Byline: Bob Susnjara Daily Herald Staff Writer
An intoxicating smell of oatmeal-raisin cookies wafted from the kitchen at Elizabeth Wertke's Volo home, a mile north of the busy Route 12-Route 120 intersection.
Wertke, 74, interrupted her baking and walked about 25 feet from her kitchen to a front desk lined with tourism brochures, enthusiastically greeting a couple of visitors on a recent warm, sunny day.
For the past 52 years, Wertke's home and business has been the seven-room Skyline Motel. However, her desire to sell the motel and its 24-acre property in booming northern Lake County means this slice of Americana won't be around in a few years.
"It's all going commercial," Wertke said, as her cookies cooled on a wire rack in the kitchen. "The whole acreage is all commercial. There will not be any houses on it. I would not sell it to anybody who would put houses on it."
Wertke's Skyline Motel is part of a fading breed of mom-and-pop lodging operations in Lake County along an approximately 26-mile stretch of Route 12, also called Rand Road. Family-owned commercial lodging is disappearing from other parts of the United States as well.
It would be a shame if all the mom-and-pop motels go away because they are visible reminders of America in the 1940s and '50s, said Andrew Wood, an associate professor in San Jose State University's communication studies department.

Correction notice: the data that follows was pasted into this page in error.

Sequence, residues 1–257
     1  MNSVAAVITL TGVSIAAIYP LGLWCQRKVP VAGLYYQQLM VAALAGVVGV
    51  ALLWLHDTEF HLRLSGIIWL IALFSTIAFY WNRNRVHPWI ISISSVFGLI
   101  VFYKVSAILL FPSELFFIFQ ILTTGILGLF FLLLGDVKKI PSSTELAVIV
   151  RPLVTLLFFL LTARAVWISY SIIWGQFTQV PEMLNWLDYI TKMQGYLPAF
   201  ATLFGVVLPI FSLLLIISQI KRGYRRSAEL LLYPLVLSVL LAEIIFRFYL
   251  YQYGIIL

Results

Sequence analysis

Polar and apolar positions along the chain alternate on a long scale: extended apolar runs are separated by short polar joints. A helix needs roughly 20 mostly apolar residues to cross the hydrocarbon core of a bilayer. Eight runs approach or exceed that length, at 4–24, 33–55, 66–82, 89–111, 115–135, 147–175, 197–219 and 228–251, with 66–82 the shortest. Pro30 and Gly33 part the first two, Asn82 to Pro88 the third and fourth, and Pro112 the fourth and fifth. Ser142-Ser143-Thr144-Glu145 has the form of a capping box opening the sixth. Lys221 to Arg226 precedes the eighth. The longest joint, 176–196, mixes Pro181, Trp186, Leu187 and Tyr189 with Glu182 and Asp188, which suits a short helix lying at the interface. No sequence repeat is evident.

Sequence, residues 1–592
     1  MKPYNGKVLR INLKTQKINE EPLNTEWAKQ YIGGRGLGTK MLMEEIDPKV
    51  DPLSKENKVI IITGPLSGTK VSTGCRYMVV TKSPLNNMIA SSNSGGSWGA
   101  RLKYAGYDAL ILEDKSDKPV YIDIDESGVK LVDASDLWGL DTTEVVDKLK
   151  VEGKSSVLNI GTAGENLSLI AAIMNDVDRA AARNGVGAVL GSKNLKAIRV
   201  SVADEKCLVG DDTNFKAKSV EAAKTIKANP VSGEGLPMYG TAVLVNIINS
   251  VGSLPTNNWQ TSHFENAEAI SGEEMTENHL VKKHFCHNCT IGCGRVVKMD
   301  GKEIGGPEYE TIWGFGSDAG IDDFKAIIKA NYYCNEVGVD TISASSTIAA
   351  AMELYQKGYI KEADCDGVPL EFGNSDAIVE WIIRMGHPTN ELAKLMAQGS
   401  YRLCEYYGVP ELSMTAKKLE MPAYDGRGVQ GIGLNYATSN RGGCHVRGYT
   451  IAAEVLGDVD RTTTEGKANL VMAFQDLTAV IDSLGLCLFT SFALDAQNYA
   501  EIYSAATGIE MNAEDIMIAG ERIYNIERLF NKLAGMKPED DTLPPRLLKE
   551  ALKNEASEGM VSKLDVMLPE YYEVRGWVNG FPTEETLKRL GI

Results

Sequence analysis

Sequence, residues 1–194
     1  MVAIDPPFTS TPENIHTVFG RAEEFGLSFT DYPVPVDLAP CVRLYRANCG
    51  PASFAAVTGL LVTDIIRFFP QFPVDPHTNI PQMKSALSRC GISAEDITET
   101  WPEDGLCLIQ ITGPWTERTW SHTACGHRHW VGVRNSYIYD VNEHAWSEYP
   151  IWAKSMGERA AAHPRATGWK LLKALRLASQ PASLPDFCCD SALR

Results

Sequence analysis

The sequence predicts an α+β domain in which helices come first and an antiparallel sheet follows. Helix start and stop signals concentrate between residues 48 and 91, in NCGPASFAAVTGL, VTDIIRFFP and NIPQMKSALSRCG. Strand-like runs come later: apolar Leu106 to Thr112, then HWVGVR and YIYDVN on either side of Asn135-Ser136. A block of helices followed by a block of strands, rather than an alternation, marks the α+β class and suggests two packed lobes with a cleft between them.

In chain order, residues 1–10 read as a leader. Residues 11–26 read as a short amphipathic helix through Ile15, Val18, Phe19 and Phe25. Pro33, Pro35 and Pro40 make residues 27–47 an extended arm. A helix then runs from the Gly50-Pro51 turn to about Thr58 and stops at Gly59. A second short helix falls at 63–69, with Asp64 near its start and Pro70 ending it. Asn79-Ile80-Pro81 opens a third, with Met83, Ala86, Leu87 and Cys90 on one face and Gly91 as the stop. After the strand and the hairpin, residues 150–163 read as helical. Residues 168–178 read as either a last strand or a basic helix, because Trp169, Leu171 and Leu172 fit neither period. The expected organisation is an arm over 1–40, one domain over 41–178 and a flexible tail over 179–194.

"One of the things about contemporary life is the death of history," said Wood, who, with his photographer wife, Jenny, traveled the country and co-authored "Motel America: A State-By- State Tour Guide to Nostalgic Stopovers."
Development and interstate highway travel, where chain hotels dominate, are the main reasons the mom-and-pop motels have faded from Route 12 and elsewhere around the country.
Nonetheless, at least one Route 12 local motel operator is bullish on the business.
Fox Lake Motel co-owner Marie Gabiga said she believes her operation fills a void with clean, basic rooms costing $45 to $70 a night. She and her husband, Jesse, bought the 16-room motel in 1994 and have paid for extensive remodeling.
"I believe strongly because, I'll tell you, not everybody can afford to pay over $100 a night," Gabiga said.
Before suburbia popped up around it, Route 12 was the main path between the Chicago area and Minneapolis-St. Paul, so more motels were necessary. Route 12 remains a popular suburban route to Lake Geneva, Wis.
Route 12 starts its Lake County leg at Lake-Cook Road. It hits Wisconsin at the McHenry County town of Richmond.
Nancy Loomis Schroeder, president of the Ela Township Historical Society, said two …